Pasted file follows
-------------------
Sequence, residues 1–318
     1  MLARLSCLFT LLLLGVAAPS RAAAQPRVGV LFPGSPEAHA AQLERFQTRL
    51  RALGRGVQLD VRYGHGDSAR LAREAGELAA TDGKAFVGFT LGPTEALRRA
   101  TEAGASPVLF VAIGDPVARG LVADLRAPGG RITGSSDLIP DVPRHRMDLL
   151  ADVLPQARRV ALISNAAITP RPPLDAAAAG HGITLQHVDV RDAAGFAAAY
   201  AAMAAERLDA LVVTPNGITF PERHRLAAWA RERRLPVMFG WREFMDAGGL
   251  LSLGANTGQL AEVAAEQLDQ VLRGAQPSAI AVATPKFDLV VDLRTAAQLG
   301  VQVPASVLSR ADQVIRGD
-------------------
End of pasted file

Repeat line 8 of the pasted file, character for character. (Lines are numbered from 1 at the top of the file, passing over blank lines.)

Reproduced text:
   301  VQVPASVLSR ADQVIRGD